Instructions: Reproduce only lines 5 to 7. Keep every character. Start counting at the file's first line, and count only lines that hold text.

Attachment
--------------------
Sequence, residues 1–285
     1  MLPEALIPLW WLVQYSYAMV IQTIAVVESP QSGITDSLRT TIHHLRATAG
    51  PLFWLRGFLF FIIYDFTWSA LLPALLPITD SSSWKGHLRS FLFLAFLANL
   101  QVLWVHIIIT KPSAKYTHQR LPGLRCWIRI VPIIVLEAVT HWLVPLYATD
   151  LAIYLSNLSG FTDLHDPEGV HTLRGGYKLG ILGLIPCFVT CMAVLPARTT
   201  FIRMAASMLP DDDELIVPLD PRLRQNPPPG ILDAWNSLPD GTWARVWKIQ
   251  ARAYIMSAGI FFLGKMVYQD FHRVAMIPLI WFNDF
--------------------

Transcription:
   151  LAIYLSNLSG FTDLHDPEGV HTLRGGYKLG ILGLIPCFVT CMAVLPARTT
   201  FIRMAASMLP DDDELIVPLD PRLRQNPPPG ILDAWNSLPD GTWARVWKIQ
   251  ARAYIMSAGI FFLGKMVYQD FHRVAMIPLI WFNDF